Thursday, March 26, 2009

Best Player Ever...?

found by petey.

i found this on the huffington post of all places...

cute little lebron.

kinda a weird 60 minutes teaser.

Friday, March 20, 2009

Happy New Day (Nowruz) to All!

by petey.

I have to say. I really really like President Obama. That is not a surprise to many of you.

Every week he does something that makes me proud that he is our president. Every week he does something new, important, or innovative. He has set out to do all of the things he promised he would. His critics say this is a bad thing. I think it is perfect.

The latest evidence of this is his New Day video message to the people and leaders in Iran. Iran is turning out to be way more important in our foreign policy in the last years than you would suspect given the tiny size of their economy, army, or real clout among major world players. They have, however, been quite a conundrum ever since the Islamic Republic took charge in 1978-79. The U.S. has had strained relationships since. It about time we ended that. The more and more marginalized Iran and countries like it feel on the international stage, the more and more radical their rhetoric and actions become.

My in-laws gave me a book for Christmas called "The Ayatollah Begs to Differ: The Paradox of Modern Iran" (by Hooman Majd ). This book was exactly what I wanted to help me start to get a feel for a country that 1) I knew nothing about and 2) I felt was becoming increasingly more important to understand. It was written by a son of a diplomat who was raised both in the West and in the Mid-East. He speaks perfect Farsi and perfect English (often a sign of culture chameleon abilities) which allows him to flow in and out of both cultures/people/etc making for a fascinating book. He writes, simultaneously, as a westerner and an Iranian which lends to an incredibly informative book that westerns can pick up, read, relate to, and begin to understand the psyche of Iranians in a way that would not be possible from any other writer.

Anyway. Back to the Obama video message. In his book, Mr Majd mentions Iranian pride: its origins as the cradle of civilization, its poetry, its legitimacy against its majority Sunni neighbors, etc. In Obama's address, he perfects, crafts and captures all the right things to speak to the Iranian people, their pride and their customs. It's almost as if Hooman Majd directly advised and wrote the message for him. The message (below) speaks to the Iranians in a respectful manner, cites Iranian poetry (again, huge in their country/culture), adds some Farsi, and begins the ever important dialogue with this ever increasingly important country.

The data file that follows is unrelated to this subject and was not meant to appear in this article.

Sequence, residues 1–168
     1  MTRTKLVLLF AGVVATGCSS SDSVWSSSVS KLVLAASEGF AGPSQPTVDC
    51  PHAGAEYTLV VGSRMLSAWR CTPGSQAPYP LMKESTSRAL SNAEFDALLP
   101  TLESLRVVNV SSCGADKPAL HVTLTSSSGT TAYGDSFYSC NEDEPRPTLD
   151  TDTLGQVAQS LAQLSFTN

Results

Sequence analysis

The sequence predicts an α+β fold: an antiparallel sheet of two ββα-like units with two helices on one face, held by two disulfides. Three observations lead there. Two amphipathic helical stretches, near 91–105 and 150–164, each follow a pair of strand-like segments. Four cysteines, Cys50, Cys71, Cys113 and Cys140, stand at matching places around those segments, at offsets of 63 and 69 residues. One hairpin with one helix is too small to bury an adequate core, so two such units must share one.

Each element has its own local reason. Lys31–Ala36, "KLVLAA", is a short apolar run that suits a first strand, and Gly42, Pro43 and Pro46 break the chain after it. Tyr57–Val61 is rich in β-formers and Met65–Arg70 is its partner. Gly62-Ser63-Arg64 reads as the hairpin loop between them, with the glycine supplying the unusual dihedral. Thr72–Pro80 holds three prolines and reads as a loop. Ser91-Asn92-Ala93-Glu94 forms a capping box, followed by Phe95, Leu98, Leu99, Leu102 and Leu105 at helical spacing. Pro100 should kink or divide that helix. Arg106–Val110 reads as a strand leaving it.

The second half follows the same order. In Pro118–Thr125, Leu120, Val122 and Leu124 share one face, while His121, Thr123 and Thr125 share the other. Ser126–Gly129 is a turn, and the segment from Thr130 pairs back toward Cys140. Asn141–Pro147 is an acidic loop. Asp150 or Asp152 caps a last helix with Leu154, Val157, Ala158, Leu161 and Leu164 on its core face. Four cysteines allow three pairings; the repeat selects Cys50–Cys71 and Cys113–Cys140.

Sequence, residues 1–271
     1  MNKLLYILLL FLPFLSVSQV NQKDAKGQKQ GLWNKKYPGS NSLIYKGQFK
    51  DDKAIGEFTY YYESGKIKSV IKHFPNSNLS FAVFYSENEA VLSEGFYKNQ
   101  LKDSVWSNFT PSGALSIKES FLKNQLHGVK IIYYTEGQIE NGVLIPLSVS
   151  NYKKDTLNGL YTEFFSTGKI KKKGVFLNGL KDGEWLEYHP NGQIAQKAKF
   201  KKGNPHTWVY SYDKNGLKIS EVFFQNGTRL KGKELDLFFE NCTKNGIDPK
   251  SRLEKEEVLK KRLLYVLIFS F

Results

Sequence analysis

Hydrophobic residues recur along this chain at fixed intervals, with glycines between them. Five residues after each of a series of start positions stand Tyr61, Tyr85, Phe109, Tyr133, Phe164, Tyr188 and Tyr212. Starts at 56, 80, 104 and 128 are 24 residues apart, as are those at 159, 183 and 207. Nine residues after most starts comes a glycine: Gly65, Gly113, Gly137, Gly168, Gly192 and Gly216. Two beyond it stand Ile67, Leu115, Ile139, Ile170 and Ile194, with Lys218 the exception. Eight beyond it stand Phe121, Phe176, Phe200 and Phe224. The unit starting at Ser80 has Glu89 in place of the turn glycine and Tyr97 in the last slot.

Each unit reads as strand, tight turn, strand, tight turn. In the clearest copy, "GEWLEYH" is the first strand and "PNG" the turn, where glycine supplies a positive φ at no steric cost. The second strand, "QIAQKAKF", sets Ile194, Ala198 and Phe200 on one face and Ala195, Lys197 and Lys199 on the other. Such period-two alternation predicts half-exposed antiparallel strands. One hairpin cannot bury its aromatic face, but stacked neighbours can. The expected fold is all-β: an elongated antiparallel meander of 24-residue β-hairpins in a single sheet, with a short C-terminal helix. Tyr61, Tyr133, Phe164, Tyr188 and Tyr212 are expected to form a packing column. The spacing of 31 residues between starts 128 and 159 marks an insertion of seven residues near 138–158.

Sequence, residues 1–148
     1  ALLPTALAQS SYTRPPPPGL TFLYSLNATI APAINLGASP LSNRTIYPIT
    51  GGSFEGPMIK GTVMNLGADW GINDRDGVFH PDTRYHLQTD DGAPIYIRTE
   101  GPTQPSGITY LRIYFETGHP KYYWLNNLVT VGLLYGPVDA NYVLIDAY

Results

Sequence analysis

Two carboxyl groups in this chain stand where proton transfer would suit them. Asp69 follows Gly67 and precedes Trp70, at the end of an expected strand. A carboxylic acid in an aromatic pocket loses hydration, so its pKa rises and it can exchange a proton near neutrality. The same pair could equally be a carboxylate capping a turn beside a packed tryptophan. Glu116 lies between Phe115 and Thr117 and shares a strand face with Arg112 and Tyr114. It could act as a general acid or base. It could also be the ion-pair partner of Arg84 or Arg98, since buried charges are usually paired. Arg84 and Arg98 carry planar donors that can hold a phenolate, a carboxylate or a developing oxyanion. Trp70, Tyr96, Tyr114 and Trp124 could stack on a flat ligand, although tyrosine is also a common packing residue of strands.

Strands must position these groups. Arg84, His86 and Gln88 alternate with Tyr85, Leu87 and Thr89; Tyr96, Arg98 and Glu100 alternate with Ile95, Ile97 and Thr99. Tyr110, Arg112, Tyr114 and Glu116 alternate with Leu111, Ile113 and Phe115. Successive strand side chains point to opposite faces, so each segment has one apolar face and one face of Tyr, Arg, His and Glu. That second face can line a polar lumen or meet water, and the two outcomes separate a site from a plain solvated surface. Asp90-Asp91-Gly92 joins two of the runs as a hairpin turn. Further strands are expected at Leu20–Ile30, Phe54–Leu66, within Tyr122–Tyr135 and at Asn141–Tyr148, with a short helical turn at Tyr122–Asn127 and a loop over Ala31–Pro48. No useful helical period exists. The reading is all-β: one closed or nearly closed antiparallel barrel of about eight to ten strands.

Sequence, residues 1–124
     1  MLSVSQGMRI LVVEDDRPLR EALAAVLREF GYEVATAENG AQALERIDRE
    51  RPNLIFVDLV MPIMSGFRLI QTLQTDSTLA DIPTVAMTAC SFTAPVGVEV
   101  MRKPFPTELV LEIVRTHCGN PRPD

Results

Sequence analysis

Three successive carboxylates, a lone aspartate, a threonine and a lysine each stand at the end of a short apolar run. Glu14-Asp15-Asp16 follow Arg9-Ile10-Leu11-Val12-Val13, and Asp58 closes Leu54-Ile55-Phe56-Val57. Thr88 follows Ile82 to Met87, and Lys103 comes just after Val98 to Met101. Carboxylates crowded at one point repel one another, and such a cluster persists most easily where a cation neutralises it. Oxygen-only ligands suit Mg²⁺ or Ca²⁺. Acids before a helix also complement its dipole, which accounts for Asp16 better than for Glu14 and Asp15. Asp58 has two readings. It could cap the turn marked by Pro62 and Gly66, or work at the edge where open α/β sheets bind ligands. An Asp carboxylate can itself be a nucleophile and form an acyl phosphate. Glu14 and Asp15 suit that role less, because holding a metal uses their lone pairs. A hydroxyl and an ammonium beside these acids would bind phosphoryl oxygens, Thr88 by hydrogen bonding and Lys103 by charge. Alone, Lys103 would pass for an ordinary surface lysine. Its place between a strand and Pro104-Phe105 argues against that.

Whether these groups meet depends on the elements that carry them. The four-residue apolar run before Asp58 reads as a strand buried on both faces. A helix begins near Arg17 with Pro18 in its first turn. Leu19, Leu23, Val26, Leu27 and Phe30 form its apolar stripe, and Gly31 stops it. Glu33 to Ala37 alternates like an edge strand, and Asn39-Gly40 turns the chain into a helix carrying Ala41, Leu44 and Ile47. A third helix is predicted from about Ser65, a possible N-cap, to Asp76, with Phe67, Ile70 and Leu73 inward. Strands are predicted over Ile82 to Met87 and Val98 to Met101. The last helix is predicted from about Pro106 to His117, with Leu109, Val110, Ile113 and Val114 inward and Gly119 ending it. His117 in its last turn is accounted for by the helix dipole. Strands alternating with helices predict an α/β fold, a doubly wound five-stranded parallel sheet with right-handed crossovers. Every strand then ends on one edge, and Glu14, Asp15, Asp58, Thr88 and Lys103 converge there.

I think this message will go far. Much of the legitimacy of Mahmoud Ahmidinejad comes from wailing against the West. President Bush was the perfect foil for him as he came to power in 2005. If he doesn't have an arrogant, domineering caricature to paint of our American president, he loses much of the thrust of his message. There is an election coming up this year in Iran and the former, much more moderate leader Mohammad Khatami will stand against Ahmidinejad in the election. If Khatami could knock off Ahmidinejad, it too could be crucial for the further corrections in our relationship with Iran. Thus, also strengthening the timing aspect to the importance of the Presidential message to the Iranian people.

There is a lot to be optimistic about. Many critiques will call Obama green or naive, but I think he is just the opposite: intelligent and ready, especially to begin putting America back where it belongs: the forefront of moral leadership/authority in the world. When I hear him speak, I get so excited, proud, patriotic, and amazed. We truly have an amazing president.

Sunday, March 15, 2009

i thank my lucky stars . . .

that i didn't grow up in the early 1900's.